In Papa New Guinea, people work for years to be able to give a moka gift to another person, who then works to gather an even bigger moka gift to give, as explained in the following video:

(The full documentary entitled Ongka’s Big Moka is available here.)

While being part of a market economy is currently compulsory for most of us to survive, there are areas of life where we can embody a gift economy. The first principle of abundant giving is that we have to be filled up ourselves and have extra energy to give. We have all experienced someone brimming with kindness so that we feel it in their presence, and another person clearly intending to be kind only able to offer a sheepish smile. Being honest about what we are capable of abundantly giving helps us avoid being in a space of lack. Whether mentally, spiritually, emotionally, or physically, we can only give to another what we ourselves possess. Once we judge/expect ourselves, saying we “should” embody a certain state of being, we have lost the ability to embody what we intend. A strengths-based perspective is the starting point for a gift economy.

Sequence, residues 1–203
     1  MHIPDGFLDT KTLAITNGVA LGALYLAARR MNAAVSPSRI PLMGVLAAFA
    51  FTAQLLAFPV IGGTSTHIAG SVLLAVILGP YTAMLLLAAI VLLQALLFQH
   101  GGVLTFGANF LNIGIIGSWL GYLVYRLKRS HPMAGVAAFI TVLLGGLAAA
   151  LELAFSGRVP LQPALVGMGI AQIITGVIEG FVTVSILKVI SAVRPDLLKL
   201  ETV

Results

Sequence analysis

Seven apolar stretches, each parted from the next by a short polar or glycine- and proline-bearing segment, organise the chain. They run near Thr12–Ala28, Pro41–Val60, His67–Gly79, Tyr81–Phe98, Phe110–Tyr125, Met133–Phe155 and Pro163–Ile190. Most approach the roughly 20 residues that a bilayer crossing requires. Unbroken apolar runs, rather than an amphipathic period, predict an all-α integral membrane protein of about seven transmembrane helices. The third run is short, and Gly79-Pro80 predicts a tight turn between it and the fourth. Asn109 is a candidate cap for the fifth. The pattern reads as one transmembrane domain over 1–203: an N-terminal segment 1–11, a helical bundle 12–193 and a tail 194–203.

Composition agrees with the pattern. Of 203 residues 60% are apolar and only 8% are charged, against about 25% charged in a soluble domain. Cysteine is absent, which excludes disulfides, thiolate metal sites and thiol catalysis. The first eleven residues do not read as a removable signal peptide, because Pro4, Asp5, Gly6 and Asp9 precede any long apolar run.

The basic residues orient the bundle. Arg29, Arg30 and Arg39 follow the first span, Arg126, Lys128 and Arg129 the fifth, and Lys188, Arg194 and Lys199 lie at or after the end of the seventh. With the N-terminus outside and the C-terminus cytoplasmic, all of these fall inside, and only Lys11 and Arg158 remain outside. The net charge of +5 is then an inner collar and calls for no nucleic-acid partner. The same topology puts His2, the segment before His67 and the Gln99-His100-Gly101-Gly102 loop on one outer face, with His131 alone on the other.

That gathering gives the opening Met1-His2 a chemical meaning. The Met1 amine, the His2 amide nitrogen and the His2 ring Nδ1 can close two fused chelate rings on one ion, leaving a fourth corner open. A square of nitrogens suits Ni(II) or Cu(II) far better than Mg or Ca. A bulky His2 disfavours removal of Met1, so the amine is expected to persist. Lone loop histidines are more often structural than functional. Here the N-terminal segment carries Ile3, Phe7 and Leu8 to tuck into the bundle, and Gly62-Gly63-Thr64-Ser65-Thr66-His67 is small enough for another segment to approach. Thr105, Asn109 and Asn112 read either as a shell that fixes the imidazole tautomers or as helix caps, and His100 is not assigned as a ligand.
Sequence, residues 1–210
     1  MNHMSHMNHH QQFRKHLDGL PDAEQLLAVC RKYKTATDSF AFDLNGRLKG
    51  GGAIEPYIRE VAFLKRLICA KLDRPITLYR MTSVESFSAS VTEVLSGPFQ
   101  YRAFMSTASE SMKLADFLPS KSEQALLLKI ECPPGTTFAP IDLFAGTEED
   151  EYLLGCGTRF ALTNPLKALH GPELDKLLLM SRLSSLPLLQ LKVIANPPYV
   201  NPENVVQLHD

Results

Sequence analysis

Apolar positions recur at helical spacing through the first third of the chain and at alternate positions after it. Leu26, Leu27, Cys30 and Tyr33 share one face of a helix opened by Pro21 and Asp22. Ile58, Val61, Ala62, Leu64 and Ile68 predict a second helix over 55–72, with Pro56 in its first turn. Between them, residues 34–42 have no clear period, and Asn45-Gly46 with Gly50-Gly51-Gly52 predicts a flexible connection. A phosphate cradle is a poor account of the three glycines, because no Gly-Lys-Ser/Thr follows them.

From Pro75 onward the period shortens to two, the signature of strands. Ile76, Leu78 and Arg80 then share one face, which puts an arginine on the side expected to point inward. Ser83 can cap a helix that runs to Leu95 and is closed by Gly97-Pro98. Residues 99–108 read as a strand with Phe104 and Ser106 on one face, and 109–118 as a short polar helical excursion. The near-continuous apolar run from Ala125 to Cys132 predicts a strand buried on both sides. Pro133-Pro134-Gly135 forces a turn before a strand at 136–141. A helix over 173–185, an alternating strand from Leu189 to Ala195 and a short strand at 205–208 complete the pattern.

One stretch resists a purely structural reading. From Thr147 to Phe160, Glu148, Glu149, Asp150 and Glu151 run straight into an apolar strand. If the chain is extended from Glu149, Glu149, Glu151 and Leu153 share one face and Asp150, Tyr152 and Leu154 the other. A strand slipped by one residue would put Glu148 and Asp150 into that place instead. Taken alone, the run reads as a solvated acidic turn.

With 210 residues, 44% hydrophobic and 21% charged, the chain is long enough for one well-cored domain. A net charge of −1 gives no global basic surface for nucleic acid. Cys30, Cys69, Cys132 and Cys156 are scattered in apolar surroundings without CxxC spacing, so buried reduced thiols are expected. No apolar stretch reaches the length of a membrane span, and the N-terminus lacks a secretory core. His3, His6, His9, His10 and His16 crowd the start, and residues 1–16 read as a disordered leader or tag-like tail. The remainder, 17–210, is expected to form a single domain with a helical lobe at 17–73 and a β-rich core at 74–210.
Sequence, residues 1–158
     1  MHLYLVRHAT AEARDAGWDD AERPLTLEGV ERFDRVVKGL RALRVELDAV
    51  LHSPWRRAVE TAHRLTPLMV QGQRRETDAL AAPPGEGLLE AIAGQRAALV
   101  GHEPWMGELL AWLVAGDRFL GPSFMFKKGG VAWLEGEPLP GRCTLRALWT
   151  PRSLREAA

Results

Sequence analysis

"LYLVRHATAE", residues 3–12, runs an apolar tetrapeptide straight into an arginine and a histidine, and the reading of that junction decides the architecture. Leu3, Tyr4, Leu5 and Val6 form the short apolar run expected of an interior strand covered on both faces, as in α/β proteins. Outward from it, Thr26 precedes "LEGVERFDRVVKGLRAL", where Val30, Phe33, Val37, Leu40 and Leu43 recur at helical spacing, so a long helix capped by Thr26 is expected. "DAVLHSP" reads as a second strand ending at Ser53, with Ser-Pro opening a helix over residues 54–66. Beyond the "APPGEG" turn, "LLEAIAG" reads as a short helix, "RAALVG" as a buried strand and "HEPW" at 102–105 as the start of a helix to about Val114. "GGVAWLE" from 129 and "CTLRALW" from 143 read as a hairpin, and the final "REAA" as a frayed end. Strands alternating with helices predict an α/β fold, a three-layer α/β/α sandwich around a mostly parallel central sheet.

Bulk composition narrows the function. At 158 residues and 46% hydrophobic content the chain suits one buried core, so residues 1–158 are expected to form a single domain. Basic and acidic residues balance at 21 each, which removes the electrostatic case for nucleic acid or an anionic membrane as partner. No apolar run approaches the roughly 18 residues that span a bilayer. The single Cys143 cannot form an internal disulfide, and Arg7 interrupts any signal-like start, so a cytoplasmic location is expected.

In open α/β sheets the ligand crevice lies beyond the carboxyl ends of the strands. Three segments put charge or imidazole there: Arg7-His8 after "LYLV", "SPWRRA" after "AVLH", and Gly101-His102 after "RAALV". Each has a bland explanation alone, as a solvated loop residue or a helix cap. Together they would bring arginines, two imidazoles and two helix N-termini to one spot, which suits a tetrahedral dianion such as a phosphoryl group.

Simple acts of kindness without expectation of anything in return (not even a thank-you) embody a gift economy, as do larger acts like doing pro bono work or volunteer projects. Most spiritual traditions enshrine the philosophy of a gift economy into their teachings, such as Christian tithing or Buddhist dana. Some organisations such as Vipassana meditation centres and Brahma Kumaris talks and retreats operate entirely on participant donation. But I have observed an insidious tendency to create expectations for exchange. A “Suggested Donation” of a specific monetary amount carries an expectation of a specific exchange, and trying to prove you are “a good person”, alleviate guilt, or “create good karma” are lack-based intentions. (The image below is from here.)